Financing SDG14, the data gap and the plastics treaty: Reflections from the UN Ocean Conference 2022
After a long hiatus from in-person events, it was wonderful to attend the UN Ocean Conference in Lisbon last week in what was an engaging and interactive forum for meaningful discussion. In addition to meeting global leaders and ocean plastic experts from various organizations, I had the opportunity to speak at two official side events focused on ocean plastic pollution. The first was on innovation in the ecosystem and the second was on financing and investment solutions.
As I reflect on the conference, here are my brief key takeaways:
SDG14 is one of the least funded UN goals, and there is an increasing need to drive capital flows and investment into the ocean economy. It is estimated that US$ 149 billion is needed in funding for SDG14. Significantly, innovative financing will require partnership and collaboration between both the public and private sectors. There are several promising financing initiatives already in play, including the development of a global framework for blue bonds, impact investments to de-risk early-stage ventures, blended finance schemes and multi-donor funds, such as The World Bank’s PROBLUE program.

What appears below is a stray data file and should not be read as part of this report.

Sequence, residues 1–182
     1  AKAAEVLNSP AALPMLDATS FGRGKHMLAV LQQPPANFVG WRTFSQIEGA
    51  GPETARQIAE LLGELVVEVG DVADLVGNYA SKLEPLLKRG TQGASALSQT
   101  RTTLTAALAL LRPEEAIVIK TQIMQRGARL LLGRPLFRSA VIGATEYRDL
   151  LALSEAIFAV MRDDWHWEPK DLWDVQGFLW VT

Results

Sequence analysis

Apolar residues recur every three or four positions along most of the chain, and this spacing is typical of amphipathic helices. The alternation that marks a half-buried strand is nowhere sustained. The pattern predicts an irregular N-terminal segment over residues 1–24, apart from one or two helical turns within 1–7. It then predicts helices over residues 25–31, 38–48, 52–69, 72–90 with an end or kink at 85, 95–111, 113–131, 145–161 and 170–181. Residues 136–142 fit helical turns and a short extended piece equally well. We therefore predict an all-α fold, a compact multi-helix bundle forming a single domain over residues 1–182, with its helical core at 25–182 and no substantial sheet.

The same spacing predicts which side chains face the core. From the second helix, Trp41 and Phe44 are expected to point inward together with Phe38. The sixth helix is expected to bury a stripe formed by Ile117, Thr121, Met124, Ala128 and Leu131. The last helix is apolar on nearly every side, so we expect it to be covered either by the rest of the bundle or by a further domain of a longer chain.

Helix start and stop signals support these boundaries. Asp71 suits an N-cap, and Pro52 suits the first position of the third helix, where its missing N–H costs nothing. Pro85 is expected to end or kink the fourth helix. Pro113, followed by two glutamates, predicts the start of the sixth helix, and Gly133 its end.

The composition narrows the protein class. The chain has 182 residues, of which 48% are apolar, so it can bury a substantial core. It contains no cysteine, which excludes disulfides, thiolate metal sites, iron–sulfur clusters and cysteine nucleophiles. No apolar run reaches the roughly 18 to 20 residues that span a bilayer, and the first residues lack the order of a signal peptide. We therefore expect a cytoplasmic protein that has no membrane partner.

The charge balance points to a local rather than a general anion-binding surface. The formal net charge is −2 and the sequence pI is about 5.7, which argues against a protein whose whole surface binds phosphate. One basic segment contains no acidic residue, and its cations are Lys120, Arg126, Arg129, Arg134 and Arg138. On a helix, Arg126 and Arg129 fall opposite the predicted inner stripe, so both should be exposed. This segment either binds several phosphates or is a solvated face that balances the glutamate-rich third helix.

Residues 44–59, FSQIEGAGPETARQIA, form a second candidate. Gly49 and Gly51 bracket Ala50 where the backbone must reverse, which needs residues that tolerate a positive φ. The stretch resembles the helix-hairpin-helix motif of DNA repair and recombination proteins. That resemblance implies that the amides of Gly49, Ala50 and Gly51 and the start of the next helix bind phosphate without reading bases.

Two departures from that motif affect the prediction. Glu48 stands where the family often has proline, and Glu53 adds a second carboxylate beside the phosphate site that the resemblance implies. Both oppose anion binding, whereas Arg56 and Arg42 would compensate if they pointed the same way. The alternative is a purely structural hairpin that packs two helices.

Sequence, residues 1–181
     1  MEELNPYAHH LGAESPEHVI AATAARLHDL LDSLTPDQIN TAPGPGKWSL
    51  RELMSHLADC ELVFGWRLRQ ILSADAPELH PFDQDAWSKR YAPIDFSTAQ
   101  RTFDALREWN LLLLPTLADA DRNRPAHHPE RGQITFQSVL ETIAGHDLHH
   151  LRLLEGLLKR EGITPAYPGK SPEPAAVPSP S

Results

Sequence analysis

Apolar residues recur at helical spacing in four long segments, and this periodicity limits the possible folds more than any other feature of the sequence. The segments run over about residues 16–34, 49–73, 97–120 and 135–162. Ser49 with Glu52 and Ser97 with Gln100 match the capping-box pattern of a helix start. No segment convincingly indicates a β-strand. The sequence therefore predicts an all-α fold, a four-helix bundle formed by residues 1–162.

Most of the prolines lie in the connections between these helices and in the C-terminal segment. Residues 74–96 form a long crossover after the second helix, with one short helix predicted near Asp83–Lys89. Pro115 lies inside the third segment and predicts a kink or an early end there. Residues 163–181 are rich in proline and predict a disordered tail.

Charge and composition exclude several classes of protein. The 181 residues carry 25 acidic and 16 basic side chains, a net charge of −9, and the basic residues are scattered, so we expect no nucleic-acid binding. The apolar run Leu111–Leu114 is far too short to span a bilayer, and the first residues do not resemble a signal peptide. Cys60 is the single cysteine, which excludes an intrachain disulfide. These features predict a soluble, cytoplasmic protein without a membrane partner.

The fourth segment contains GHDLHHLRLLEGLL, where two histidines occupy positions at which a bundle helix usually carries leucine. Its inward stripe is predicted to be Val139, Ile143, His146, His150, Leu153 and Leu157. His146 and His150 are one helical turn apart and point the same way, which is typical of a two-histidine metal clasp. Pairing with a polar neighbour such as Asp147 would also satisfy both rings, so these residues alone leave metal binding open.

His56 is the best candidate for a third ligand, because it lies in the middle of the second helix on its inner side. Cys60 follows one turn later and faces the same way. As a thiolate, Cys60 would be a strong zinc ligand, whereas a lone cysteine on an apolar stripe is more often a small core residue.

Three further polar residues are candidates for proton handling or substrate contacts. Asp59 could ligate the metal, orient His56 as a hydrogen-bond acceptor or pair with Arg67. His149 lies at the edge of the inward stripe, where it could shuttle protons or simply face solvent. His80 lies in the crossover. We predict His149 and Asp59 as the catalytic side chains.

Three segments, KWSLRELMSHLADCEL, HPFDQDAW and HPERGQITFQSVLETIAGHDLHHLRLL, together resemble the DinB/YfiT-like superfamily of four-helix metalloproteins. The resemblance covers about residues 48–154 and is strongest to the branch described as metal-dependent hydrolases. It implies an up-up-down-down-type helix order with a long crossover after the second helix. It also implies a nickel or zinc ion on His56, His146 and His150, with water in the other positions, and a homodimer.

The knowledge gap continues to exist, and in some cases, widen. The need for data to drive research-backed solutions is important to further innovation and advance the circular economy where it is needed most. While evidence-based models remain the goal, it is equally key to remain pragmatic and allow for time and resources to drive pilot solutions. Our support of rapid assessments using the Circularity Assessment Protocol developed by University of Georgia’s Circularity Informatics Lab is a clear example of this type of approach.
The global plastics treaty is a crucial instrument and will define the outcomes of the ocean plastic crisis for decades to come. Each player from governments to corporates to civil society has a role to play and defining each player’s roles will be paramount to arrive at an effective treaty that will benefit all stakeholders. Moreover, the treaty should be inclusive, accessible to developing countries and enable the voice of the informal sector. There will be more attention on this topic in the months to come as negotiations begin.
The need for action and collaboration has never been greater, and post-Lisbon my hope is that we can move from words to action as fast as possible in order to tackle the plastic pollution and waste management crises head-on.